I’m reading this chapter right now because this is what I’m feeling. With this room full of southern women with frizzy blond hair and pancake makeup. I’m having a love and hate spat with my dark side, and there’s nothing better for one of these then for someone to say
I know. I understand. Me too. We’re all horrible.
So that’s why I’m treading through again what most people might read as a fairly mediocre book (certainly enjoyable the first time through, but maybe not warranting further reads). I’ve been picking this book up a lot lately—and I think I can say with some certainty that I am one of few who has read Lee Klein’s book the way it is meant to be read. That is, as it was written. In limbo.
You want limbo? I got limbo.
Last night, the girl I moved three hundred miles for told me this wasn’t going to work—and she knows this after only three weeks. Three weeks. She’s very efficient.
This morning, I told her good morning and she swept right past me on her way to the restroom. Silently.
So that’s that, I guess.
I’m an idiot, I know. I made serious life plans around a girl who moves her feelings around inside her as if they were chess pieces. Things with strict rules and agendas. A girl who voted/votes Ralph Nader incessantly, and yet blames David Cobb and the Greens for splitting the progressive vote in 2004. A girl who takes everything too seriously, and couldn’t stay happy if her life depended on it (and someday, it just might). A girl who is an evangelistic liberal, yet is addicted to sweatshop hotspots. A girl who goes crazy bimonthly, yet rarely excepts the craziness in others.
She’s the most self-absorbed person I know. The tragic thing is, she’s not interesting enough to pull it off.
So limbo. Sure. I got limbo.
And this orientation—for example. It’s over. Monday I begin work. Or move back to Cincinnati and start the godawful process of job hunting again. Or what?
Thirty minutes later
Okay. I was unfair to her. All of that last part. She’s a beautiful person, mostly—and I’ve been just as horrible, or worse. For instance, I once told her (and I’m not sure why, possibly just to get on her nerves) that Nader was responsible for the deaths of Iraqi children—and when she got this stricken take-it-back face, I said well, it’s technically true (which it is, but if you ever have to use the word technically in your argument, you’re most likely an asshole, and assholes are always wrong). I was needy and suffocating and selfish at times. I didn’t always try to understand her craziness. I bought her too many books because I secretly thought the books she read were beneath her (this wasn’t much of a secret). I took her to clubs in which she had no interest—places where she felt out of place. I told her the same stories over and over. I forgot some of the anecdotes she told me because I was too busy thinking about the next story I was going to tell her. Or re-tell. When we had movie nights, I picked out movies that I mostly only wanted to see.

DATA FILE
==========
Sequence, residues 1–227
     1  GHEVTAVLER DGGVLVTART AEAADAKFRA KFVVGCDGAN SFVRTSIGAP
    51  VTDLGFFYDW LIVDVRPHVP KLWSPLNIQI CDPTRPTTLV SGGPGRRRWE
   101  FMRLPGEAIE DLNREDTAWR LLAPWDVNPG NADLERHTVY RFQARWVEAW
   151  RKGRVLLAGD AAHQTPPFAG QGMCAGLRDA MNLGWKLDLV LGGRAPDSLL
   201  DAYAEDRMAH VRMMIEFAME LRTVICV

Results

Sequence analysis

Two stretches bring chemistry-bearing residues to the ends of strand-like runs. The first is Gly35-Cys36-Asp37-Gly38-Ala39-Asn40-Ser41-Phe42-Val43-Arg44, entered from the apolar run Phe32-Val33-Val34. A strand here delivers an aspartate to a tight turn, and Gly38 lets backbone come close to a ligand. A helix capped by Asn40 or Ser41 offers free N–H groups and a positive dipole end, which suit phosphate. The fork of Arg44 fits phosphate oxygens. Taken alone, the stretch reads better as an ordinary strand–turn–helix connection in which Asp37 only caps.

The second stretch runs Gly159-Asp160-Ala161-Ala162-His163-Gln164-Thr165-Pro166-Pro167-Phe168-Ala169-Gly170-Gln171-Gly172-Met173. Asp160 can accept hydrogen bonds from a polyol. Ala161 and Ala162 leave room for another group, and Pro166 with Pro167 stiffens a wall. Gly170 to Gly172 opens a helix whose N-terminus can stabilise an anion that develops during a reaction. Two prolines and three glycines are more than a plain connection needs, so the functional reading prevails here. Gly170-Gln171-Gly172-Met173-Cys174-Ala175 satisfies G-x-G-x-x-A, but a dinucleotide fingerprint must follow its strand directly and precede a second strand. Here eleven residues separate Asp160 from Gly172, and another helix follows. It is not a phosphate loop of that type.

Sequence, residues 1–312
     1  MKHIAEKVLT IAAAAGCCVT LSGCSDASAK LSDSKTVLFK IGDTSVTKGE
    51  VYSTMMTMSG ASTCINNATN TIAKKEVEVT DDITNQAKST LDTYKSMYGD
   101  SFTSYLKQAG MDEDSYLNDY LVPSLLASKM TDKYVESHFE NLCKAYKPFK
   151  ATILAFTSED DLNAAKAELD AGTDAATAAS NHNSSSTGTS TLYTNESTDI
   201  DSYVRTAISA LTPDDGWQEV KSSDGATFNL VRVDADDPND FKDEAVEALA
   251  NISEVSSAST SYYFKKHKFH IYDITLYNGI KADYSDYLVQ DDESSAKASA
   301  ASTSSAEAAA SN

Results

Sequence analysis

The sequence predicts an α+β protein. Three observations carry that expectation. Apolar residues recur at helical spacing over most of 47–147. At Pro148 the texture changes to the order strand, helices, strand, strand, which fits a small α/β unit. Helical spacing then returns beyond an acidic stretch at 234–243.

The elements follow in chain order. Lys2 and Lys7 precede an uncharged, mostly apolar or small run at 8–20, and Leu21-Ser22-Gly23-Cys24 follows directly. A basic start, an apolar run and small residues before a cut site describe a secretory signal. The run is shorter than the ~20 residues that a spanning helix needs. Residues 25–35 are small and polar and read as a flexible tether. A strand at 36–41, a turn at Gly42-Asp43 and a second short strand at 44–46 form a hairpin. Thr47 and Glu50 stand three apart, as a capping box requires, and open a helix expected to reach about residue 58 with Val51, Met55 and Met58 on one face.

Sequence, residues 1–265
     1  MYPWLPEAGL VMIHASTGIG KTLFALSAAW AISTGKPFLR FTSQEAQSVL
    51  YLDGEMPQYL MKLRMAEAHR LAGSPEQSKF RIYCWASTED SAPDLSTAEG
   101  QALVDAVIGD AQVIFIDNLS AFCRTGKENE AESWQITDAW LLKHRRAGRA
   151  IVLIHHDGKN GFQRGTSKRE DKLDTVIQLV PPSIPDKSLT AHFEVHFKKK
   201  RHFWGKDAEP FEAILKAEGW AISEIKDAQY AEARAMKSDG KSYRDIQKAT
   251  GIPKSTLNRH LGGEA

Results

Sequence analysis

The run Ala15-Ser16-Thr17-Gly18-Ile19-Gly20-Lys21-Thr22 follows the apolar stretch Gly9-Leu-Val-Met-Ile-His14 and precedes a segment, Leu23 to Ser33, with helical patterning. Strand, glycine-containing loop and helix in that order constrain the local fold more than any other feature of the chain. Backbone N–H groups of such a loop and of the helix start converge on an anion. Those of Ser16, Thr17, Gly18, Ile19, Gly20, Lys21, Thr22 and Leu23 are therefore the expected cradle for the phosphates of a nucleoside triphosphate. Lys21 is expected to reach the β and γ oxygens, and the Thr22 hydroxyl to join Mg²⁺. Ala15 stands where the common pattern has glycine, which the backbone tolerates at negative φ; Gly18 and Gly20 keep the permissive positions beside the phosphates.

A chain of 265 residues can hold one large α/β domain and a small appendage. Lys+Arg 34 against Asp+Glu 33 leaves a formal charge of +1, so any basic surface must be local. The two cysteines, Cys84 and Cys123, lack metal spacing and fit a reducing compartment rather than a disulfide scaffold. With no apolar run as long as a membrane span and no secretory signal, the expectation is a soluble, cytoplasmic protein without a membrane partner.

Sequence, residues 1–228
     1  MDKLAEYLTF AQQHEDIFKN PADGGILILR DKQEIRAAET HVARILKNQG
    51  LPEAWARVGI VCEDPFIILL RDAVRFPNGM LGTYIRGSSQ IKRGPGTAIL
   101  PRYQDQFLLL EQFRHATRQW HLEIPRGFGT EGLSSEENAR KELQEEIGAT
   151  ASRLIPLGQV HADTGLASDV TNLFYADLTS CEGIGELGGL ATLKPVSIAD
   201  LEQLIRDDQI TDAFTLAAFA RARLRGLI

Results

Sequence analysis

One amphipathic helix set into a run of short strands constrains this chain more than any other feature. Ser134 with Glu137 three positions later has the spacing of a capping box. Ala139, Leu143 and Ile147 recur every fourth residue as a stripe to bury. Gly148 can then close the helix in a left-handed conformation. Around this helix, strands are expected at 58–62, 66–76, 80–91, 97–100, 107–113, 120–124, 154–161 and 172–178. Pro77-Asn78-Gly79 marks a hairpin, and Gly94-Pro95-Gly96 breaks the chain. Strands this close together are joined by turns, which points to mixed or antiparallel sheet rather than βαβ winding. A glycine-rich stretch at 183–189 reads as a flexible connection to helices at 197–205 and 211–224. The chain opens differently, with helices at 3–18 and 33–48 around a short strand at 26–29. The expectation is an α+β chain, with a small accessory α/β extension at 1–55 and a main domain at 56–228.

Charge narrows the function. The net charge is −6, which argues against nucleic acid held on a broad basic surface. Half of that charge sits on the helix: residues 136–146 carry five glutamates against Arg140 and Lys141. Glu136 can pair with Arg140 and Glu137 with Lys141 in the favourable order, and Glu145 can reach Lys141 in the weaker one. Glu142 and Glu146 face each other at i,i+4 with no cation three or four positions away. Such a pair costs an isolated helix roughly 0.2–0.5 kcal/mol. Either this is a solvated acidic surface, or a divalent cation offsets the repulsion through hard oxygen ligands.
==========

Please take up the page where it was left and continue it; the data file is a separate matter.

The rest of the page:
I didn’t try to love her only as much as she needed to be loved—and no more.
And her feelings don’t have agendas. They’re not like chess pieces—I don’t know why I said that, except to be clever, maybe (stupid, stupid, stupid). They’re just dumb, inconsiderate feelings. Same as we all have.
Everything seems so inconsequential, putting it down now. I don’t know. We had a rule, this girl and I—the only fights that really matter are the fights you can describe to a third party without feeling silly.
And I feel silly right now, to tell the truth.
A couple hours later
A few months ago, a friend came back from a semester abroad in Thailand. He was at home for the summer, before leaving again for college, which was an hour away. He temped (also the temporal occupation of the Egotourist). I bought him Incidents of Egotourism in the Temporary World, which he finished in a matter of a week or so. That was in June, and he still brings it up—various quotes, moments, feelings—every once in a while. He says he liked it. That it felt familiar.
In May, after my first read through, I loaned my copy to a coworker at the library. This friend was in the process of losing his job, going on to God-knows-what. I called him up the day before he left, asked him how he liked it.
“Well, it’s thick, man. I’ve been making notations, I hope you don’t mind.”
“Of course not.”